The inside story

Apr. 12, 2014 @ 01:53 AM

This editorial appeared in the News & Record, Greensboro

The Republicans who passed sweeping voting law changes last year said the measures were meant to prevent fraud and improve the election process.

Critics alleged more sinister motives. They claimed many, if not all, of the measures put in place were designed to reduce voting by minorities or Democrats in general.

The evidence to support that claim, which also was asserted in lawsuits filed by the U.S. Justice Department, the state NAACP and the League of Women Voters of North Carolina, was circumstantial. Early voting, Sunday voting, same-day registration, preregistration for 16- and 17-year-olds, provisional ballots and straight-party voting typically have been utilized a little more by minority and Democratic voters than by white Republican voters. Minority voters also are more likely to lack an acceptable photo ID, which the law also will require in 2016.

Suspicions don't amount to proof. Evidence of intent is necessary to successfully challenge the voting laws. That's why plaintiffs asked for the communications among Republican legislators, their consultants and lawyers as they crafted last year's legislation.

If these communications portrayed a desire to achieve the stated purposes -- improving ballot security and voting efficiency, ensuring more trustworthy election outcomes -- the plaintiffs might be proven wrong. On the other hand, if they revealed hopes of putting minority voters at a disadvantage, the case would be easier to win.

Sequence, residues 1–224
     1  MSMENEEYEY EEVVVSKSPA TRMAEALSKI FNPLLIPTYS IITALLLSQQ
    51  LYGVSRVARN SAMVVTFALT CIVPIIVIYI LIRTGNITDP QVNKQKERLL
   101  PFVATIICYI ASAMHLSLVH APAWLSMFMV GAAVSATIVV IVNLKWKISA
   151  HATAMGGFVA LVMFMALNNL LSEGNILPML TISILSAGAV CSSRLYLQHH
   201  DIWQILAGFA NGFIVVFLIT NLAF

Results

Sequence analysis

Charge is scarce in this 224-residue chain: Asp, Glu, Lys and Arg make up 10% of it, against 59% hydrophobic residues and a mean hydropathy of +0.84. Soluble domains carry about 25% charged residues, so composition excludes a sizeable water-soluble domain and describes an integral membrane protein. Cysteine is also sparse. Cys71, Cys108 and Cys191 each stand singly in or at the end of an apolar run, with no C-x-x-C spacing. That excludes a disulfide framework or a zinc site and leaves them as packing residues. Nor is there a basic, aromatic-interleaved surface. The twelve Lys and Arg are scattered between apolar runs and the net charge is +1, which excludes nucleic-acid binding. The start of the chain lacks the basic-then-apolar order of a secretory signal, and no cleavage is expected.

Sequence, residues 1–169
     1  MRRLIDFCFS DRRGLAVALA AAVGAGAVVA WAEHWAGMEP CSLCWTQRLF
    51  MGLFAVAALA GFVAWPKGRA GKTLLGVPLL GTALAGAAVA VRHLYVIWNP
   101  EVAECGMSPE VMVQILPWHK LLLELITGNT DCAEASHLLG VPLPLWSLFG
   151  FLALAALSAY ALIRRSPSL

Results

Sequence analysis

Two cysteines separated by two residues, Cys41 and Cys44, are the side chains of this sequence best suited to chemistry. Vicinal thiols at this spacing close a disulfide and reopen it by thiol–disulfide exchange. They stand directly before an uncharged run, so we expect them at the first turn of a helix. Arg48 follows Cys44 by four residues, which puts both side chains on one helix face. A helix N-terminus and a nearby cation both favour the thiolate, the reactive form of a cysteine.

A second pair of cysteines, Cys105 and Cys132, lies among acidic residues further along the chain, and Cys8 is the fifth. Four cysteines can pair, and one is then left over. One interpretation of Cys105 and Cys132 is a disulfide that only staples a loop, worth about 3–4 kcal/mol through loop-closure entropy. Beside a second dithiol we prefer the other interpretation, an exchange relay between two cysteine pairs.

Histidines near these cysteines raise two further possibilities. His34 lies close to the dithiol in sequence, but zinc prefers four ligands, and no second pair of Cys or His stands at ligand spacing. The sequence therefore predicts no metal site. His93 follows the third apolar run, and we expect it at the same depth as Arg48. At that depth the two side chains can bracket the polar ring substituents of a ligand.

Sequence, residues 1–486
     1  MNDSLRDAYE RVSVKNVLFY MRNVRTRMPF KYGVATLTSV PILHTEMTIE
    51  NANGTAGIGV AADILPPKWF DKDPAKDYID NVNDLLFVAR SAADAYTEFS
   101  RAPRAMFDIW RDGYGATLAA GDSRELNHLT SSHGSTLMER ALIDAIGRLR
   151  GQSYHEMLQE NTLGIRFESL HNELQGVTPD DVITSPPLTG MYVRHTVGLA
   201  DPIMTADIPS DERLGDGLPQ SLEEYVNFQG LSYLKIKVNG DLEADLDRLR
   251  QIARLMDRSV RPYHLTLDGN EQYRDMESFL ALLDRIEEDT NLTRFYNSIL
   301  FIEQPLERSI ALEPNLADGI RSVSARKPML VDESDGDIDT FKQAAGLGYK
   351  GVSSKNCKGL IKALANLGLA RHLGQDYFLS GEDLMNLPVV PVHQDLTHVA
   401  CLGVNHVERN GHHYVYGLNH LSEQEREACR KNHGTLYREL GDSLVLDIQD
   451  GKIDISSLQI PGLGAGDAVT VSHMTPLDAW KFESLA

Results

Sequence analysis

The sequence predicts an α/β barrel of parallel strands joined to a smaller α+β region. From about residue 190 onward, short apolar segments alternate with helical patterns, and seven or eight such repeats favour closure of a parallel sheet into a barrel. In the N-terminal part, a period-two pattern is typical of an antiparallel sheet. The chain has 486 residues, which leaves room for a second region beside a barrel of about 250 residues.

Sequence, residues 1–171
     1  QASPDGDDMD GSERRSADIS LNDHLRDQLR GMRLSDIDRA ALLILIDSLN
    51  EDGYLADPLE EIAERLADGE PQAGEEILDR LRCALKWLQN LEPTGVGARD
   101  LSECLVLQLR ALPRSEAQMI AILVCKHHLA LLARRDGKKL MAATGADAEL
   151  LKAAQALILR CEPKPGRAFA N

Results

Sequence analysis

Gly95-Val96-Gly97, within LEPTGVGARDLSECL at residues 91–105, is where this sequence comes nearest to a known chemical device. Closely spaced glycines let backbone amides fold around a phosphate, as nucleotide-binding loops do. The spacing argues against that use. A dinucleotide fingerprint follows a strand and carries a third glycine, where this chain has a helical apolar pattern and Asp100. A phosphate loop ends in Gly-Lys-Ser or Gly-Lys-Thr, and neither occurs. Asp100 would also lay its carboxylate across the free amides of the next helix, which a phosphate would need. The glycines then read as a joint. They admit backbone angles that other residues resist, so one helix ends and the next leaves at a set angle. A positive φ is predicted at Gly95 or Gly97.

Legislators refused to turn over these communications, citing legislative immunity and attorney-client privilege. Both principles are valid in some instances, but motive also matters.

U.S. Magistrate Judge Joi Elizabeth Peake ruled March 27 that there is no absolute legislative immunity in this case.

This was not a total victory for the plaintiffs, and Peake left some issues still to be resolved. But, she recognized that Congress, in passing the Voting Rights Act, put "legislative motive directly at issue."

It is. Just as literacy tests were really intended, not to make sure voters could read, but to limit voting by blacks, so might similar motives underlie newer forms of voting restrictions. Since federal courts have jurisdiction over state voting laws, they can compel the release of evidence that otherwise might be protected by legislative immunity. Many of the documents sought are communications between legislators and outside parties that normally would be considered public under the state's open records law. Greater protection can be allowed for communications between legislators and their lawyers or those circulated only among legislators and their staffs.

The judge directed plaintiffs and defendants to confer in more detail about specific documents and issue a status report. A final decision will follow eventually -- the case isn't scheduled to go to trial until next year -- but Peake indicated she will order legislators to turn over at least some of the documents requested.

The way to get to the truth of the matter is to see what legislators were saying among themselves about the new voting laws.